In the Civil War (1642 to 1651), the town actually fought on both sides, at the outset it followed parliament, but later on changed allegiance and was seized by the Parliamentarians when it was under seige for several weeks. During the following two centuries King's Lynn's prominence as a port declined in alignment with decline of the wool exporting industry, although it clearly did carry on exporting grain and importing timber, pitch and iron to a considerably lesser degree. The town of King's Lynn furthermore impacted by the expansion of westerly ports like Liverpool, which boomed following the Americas were discovered.

The Lattice House Inn, King's Lynn - geograph.org.uk - 1589499Clearly there was however a decent coastal and local trade to help keep the port working through these times and later on the town prospered once more with wine imports coming from France, Spain and Portugal. In addition the exporting of farmed produce escalated following the draining of the fens during the 17th C, additionally, it started a crucial shipbuilding industry. The train line arrived in the town in eighteen forty seven, delivering more trade, prosperity and visitors to the town. The population of Kings Lynn increased considerably in the 1960's when it became an overflow area for London.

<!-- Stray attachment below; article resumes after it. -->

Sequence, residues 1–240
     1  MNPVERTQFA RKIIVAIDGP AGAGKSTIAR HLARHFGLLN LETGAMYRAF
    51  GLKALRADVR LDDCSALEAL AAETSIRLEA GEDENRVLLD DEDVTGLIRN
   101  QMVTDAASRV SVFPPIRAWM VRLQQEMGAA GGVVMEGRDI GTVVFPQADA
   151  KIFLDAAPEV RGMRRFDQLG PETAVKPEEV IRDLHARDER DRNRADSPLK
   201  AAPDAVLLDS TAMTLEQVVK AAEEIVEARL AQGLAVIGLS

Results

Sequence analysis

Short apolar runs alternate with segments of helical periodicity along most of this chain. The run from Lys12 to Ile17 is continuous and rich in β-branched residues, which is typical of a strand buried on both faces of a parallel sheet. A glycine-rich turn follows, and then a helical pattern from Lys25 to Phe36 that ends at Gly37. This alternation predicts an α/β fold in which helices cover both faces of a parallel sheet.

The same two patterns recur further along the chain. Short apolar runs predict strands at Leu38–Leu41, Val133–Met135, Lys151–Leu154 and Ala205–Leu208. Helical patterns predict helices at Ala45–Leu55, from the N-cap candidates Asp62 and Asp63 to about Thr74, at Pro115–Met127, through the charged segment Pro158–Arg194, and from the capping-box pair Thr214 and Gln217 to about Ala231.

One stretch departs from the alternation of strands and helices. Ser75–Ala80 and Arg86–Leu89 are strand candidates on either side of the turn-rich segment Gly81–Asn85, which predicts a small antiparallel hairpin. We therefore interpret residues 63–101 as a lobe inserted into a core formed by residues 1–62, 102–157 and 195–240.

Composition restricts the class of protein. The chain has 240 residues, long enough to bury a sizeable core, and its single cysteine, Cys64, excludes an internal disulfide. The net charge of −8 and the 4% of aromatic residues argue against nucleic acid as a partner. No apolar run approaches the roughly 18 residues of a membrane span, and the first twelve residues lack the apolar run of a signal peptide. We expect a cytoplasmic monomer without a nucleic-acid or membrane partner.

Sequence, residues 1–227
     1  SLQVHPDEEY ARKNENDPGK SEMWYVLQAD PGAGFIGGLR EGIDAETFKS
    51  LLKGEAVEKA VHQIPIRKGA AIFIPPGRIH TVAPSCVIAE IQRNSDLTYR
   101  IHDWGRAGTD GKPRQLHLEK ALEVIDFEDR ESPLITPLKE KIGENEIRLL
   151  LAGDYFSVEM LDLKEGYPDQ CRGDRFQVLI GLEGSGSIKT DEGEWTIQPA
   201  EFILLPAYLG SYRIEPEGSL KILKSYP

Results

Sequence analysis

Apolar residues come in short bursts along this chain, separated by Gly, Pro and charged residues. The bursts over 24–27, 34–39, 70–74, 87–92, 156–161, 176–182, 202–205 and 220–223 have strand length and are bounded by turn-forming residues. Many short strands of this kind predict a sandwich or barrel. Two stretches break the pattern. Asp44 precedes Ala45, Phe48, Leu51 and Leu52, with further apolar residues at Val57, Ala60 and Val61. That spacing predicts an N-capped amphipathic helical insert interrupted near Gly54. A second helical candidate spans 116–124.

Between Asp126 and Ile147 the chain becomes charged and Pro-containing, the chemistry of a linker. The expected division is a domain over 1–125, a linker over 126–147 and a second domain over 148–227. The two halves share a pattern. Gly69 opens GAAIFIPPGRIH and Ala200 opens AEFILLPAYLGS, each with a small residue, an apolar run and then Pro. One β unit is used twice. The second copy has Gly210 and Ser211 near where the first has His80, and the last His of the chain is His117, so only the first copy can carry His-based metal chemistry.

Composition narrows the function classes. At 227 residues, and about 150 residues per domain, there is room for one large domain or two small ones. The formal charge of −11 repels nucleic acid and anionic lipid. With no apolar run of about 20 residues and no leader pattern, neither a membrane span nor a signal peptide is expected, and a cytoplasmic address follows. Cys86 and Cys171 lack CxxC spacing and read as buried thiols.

The town of King's Lynn can be reached by means of the A10, A17 and A149, it's around 38 miles from Norfolk's capital Norwich and ninety four miles from The city of london. It may additionally be accessed by railway, the closest international airport to King's Lynn is Norwich International (46 miles) a driving time of about one hour.

A selection of Kings Lynn streets and roads: Becks Wood, Keene Road, Five Elms, Town Farm Barns, Pine Road, South Street, Leaside, Cedar Way, Saw Mill Cottages, Hyde Park Cottages, Butt Lane, Park Lane, Suffield Way, The Creek, Langland, Silfield Terrace, Valley Rise, Bell Road, Stag Place, Kenwood Road, Rosemary Lane, Eye Lane, Cameron Close, Old South, Vine Hill, Pales Green, Queen Mary Road, Beach Road, Grantly Court, Church View, Glebe Close, Wellesley Street, Foxes Meadow, The Green, Roman Way, Bishops Road, Holcombe Avenue, Walton Close, Sluice Road, Park Avenue, Rhoon Road, Westland Chase, Black Drove, East End, Fayers Terrace, Lansdowne Close, Bridge Close, Surrey Street, South Everard Street, Summerwood Estate, Plumtree Caravan Site.